April 14, 2013

With the recent confirmation of Mary Jo White as the new Chair of the Securities and Exchange Commission (the "SEC"), much has been made of her considerable credentials as a former prosecutor and veteran litigator - Wall Street purportedly has a new pit bull on the beat, but how much of that feistiness is bark and how much is bite? We may soon find out. See, "Securities And Exchange Commission Revolving Door Spins For Mary Jo White" (, January 22, 2013).

In a recent BrokeAndBroker column, "Second Circuit Pounds Last Nail Into Madoff Plaintiffs' Coffin" (April 10, 2013), I reported that:

In Molchatsky, et al. v. United States (2nd Circuit, 11-2510 April 10, 2013), Plaintiffs were investors victimized by Bernard Madoff and Bernard L. Madoff Investment Securities LLC. Plaintiffs sought to hold the United States liable for the United States Securities and Exchange Commission (the "SEC"). employees' failure to detect Bernard Madoff's Ponzi scheme over a 16-year period and for the financial losses sustained.

Pointedly, Plaintiffs asserted that the SEC had missed many opportunities to timely uncover the Madoff Ponzi fraud because of the SEC's:

  • repeated failure to alert other branch offices of ongoing investigations,
  • properly review complaints and staff subsequent inquiries, and
  • follow up on disputed facts elicited in interviews.

On April 10, 2013, the United States Court of Appeals for the Second Circuit ("2nd Circuit") concluded that Plaintiffs' harm ultimately stemmed from the SEC's failure to investigate Madoff and uncover his Ponzi scheme, which was deemed as conduct "too intertwined with purely discretionary decisions" made by SEC personnel. The 2nd Circuit found that the United States was effectively shielded from this lawsuit because the SEC retained complete discretion over when, whether and to what extent to investigate and bring an action against an individual or entity. Morever, the cited misconduct was similarly immunized from civil suit because the SEC was engaged in the allocation of time and resources based upon somewhat appropriate economic, social and policy considerations.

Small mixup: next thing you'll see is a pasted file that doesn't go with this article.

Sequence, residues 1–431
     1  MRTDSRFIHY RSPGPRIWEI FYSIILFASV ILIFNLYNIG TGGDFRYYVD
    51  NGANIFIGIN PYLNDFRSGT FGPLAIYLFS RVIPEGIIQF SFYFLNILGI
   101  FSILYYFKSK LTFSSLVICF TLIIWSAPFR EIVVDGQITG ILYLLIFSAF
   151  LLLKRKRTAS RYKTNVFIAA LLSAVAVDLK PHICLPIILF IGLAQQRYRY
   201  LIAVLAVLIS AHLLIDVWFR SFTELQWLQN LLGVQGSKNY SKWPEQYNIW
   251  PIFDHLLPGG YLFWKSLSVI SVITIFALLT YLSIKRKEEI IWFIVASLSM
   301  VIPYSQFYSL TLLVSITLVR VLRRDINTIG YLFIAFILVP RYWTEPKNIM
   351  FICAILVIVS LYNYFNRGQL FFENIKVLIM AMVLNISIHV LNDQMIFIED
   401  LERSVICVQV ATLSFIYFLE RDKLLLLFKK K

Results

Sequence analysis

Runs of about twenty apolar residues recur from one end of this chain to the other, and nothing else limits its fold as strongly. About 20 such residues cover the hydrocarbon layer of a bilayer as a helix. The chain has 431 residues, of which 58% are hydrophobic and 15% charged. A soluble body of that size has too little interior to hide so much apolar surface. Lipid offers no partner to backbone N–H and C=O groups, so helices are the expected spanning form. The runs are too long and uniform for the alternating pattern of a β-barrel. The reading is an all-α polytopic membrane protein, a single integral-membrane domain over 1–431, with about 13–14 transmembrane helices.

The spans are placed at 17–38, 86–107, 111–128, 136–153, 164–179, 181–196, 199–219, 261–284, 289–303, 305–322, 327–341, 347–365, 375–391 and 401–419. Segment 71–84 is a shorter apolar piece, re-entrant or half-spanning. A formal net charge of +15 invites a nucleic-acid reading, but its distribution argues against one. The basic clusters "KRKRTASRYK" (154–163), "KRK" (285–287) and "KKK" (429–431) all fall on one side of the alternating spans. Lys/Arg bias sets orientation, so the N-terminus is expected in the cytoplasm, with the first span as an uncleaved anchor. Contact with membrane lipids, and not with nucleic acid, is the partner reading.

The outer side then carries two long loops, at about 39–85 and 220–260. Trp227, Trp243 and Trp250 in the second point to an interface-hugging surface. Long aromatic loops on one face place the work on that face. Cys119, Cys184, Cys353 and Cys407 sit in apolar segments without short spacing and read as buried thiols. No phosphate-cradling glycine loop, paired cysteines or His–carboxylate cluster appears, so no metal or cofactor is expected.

Notwithstanding the 2nd Circuit's affirmation of the dismissal by the District Court for the Southern District of New York, the higher court expressed its compassion for plaintiffs and its anger with the SEC's desultory conduct, as evidenced by this comment:

Despite our sympathy for Plaintiffs' predicament (and our antipathy for the SEC's conduct), Congress's intent to shield regulatory agencies' discretionary use of specific investigative powers via the DFE is fatal to Plaintiffs' claims.

New York Times reporter Gretchen Morgenson just turned up the heat on new SEC Chair White in "Note to New S.E.C. Chief: The Clock Is Ticking" (New York Times, "Fair Game," April 13, 2013). Pointedly, Morgenson raised a very timely concern about a number of matters on the SEC's plate that are nearing the expiration of their five-year statute of limitations - particularly involving cases arising from the mortgage bust of 2008.

As I noted in "Supreme Court Reverses SEC v. Gabelli On Discovery Rule Grounds" (, February 27, 2013) those statute of limitations concerns have recently become all the more pressing given the United States Supreme Court's ruling SEC v. Gabelli (2nd Circuit, 653 F. 3d 49, August 1, 2011), in which the Court reversed and remanded to the 2nd Circuit. In setting forth its rationale, the Court noted, in part:

There are good reasons why the fraud discovery rule has not been extended to Government enforcement actions for civil penalties. The discovery rule exists in part to preserve the claims of victims who do not know they are injured and who reasonably do not inquire as to any injury. Usually when a private party is injured, he is immediately aware of that injury and put on notice that his time to sue is running. But when the injury is self-concealing, private parties may be unaware that they have been harmed. Most of us do not live in a state of constant investigation; absent any reason to think we have been injured, we do not typically spend our days looking for evidence that we were lied to or defrauded. And the law does not require that we do so. Instead, courts have developed the discovery rule, providing that the statute of limitations in fraud cases should typically begin to run only when the injury is or reasonably could have been discovered.